Earth Day in a War Zone: Ukraine’s Silent Environmental Crisis

April 22, 2024. Earth Day. Amid the ongoing war and all of its attendant crises, sorrows and stresses, Ukraine is a country grappling with severe ecological devastation – often an afterthought of institutional violence.

Russia’s aggression has inflicted a deep wound on Ukraine’s environment. From poisoned air and water due to attacks on industrial facilities, to ravaged landscapes scarred by shelling and bombing, the natural world is a hidden victim of this war. A recent report by the United Nations Environment Programme (UNEP) estimates the war has caused $1 billion in environmental damages in Ukraine so far, threatening not only Ukraine’s future but the health of our entire planet.

War Crimes with Lasting Impacts

Russia’s war crimes go beyond immediate destruction:

  • Deliberate targeting of environmental infrastructure – аttacks on water treatment plants and oil refineries have led to widespread contamination of water sources and air pollution.
  • Landmine contamination – мillions of landmines laid across some 30% of Ukrainian territory, pose a long-term threat to civilians and wildlife, hindering agricultural production and safe land use.
  • Destruction of protected areas – military activity has damaged or destroyed national parks and reserves, jeopardizing unique ecosystems and biodiversity. Around 600,000 hectares of Ukrainian forest has been damaged by the war, some 32% of the country’s total. 
  • Pollution from toxic waste: over 950,000 tons of waste from destroyed equipment are leaching into the land. For more impact data go to 

Environmental Crimes by Russia

Odesa (Black Sea) 

Russia’s blockade of Ukrainian ports in 2023 and attacks on maritime vessels threaten a major ecological disaster in the Black Sea. Millions of tons of grain in Ukrainian ports are essential for global food security, and a disruption in their export could lead to shortages and price hikes. Additionally, the risk of sunken ships releasing pollutants like oil and hazardous materials is high, disrupting delicate marine ecosystems and potentially harming fish populations crucial to the Black Sea’s food chain. This environmental damage could have long-lasting consequences, impacting not just Ukraine but the entire Black Sea region. (Source)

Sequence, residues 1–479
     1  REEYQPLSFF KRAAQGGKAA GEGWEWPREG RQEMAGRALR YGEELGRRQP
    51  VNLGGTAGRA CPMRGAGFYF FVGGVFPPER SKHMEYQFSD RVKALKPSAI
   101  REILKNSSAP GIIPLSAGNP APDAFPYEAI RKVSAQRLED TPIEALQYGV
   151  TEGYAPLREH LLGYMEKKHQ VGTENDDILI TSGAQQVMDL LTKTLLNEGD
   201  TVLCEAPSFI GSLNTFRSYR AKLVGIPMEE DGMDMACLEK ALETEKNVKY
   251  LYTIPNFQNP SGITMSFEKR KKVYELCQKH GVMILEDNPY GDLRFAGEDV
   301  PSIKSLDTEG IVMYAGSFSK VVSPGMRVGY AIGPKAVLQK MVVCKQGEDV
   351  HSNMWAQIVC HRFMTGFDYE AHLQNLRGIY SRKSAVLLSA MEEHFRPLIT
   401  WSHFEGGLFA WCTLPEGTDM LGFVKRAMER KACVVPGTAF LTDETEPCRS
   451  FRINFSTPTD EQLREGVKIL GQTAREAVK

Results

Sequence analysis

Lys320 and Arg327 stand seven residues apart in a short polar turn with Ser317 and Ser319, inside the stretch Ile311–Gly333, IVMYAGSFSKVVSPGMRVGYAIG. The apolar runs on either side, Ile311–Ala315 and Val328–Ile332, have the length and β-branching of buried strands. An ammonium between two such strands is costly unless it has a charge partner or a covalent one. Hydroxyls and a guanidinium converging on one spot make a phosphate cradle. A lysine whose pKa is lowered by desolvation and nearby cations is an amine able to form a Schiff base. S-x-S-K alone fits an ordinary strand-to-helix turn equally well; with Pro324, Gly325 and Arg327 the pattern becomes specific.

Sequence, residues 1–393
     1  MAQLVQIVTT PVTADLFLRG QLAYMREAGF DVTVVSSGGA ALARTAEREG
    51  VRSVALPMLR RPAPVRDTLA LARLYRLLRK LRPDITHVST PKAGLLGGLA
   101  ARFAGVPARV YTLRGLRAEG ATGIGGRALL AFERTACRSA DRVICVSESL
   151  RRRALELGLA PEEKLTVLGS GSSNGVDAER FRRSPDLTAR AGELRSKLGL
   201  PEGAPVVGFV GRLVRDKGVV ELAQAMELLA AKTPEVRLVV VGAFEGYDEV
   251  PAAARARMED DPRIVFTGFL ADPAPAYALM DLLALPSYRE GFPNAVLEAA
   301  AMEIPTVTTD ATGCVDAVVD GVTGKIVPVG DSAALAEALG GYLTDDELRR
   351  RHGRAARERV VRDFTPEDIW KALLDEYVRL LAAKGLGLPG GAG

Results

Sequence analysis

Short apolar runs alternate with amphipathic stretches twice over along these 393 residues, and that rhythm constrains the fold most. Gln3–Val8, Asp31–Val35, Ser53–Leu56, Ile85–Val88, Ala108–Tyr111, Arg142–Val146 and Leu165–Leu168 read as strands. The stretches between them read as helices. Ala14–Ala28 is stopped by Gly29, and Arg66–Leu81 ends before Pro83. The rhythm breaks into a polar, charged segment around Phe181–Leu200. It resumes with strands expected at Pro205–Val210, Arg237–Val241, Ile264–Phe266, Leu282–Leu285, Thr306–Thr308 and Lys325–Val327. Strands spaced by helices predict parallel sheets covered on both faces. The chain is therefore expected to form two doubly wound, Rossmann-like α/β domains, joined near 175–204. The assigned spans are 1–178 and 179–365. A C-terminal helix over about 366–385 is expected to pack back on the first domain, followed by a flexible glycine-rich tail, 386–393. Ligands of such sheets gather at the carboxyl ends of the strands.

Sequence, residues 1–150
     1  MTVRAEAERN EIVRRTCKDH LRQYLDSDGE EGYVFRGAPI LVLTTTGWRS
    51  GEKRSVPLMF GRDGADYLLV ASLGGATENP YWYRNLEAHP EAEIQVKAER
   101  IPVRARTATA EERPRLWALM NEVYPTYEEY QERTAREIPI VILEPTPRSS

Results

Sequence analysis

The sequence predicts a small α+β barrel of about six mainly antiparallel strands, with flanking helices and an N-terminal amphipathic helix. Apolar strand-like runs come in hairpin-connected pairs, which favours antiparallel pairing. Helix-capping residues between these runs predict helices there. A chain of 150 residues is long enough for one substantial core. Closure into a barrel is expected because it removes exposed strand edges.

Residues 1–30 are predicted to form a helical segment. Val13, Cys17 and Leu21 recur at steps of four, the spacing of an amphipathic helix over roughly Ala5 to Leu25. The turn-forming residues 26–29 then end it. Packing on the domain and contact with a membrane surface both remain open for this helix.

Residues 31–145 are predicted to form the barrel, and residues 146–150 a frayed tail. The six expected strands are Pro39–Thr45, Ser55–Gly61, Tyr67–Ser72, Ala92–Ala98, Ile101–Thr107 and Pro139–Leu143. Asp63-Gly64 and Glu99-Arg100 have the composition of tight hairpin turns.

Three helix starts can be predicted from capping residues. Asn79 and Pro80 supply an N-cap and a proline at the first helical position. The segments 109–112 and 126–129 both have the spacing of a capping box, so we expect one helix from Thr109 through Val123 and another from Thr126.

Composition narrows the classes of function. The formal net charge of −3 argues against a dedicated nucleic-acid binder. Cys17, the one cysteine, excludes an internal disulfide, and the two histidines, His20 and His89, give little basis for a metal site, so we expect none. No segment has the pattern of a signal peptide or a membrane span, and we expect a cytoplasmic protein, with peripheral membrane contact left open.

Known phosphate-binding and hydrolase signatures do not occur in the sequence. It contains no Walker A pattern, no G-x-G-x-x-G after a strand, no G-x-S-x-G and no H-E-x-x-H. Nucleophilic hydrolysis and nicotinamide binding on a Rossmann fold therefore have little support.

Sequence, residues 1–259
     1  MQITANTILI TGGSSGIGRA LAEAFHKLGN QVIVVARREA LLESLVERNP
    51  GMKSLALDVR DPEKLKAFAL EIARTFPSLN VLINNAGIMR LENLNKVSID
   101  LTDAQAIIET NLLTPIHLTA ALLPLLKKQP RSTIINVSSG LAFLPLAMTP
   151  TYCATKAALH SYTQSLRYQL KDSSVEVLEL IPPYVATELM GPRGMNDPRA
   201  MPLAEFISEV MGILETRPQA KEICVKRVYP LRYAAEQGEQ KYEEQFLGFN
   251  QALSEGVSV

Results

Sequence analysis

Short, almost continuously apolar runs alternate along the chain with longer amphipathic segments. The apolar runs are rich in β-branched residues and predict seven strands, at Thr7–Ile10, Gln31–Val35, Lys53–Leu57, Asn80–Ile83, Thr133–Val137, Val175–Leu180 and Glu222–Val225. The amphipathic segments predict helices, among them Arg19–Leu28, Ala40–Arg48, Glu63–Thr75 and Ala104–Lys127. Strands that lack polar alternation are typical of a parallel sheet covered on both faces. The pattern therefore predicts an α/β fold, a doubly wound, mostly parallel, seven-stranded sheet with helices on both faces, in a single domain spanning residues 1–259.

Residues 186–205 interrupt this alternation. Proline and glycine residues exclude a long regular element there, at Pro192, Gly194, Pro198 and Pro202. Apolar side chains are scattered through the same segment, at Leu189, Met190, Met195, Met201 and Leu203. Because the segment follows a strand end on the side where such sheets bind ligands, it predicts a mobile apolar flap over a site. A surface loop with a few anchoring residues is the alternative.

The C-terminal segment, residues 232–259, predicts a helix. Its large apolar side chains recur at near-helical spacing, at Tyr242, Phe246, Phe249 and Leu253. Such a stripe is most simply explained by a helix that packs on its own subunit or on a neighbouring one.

Image by The New York Times

Chornobyl Exclusion Zone

In 2022, Russian forces occupied the Chornobyl Exclusion Zone, including the decommissioned Chornobyl Nuclear Power Plant, raising concerns about potential damage to the fragile containment structures and the release of radioactive materials. While the full extent of the damage is still being assessed, any breach of containment could have catastrophic consequences for Ukraine and surrounding areas. These contemporary concerns compound the nearly 40 year aftermath of the original Chornobyl meltdown, considered the worst nuclear disaster in history.  (Source)

Abandoned Russian positions in Chornobyl | Image: Maxim Kamenev / Graty
The Ukrainian military returned control over Chornobyl | Image: Maxim Kamenev / Graty

Kakhovka Hydroelectric Dam

Russia’s control over the Kakhovka Dam on the Dnipro River was  devastating. In June 2023, an explosion tore through a significant section of the dam (estimated at 85 meters long). The dam break caused catastrophic flooding downstream, inundating over 600 square kilometers of land, including agricultural fields and villages on both sides of the Dnipro River. It’s estimated that tens of thousands of people were forced to evacuate to escape the rising waters. (Source)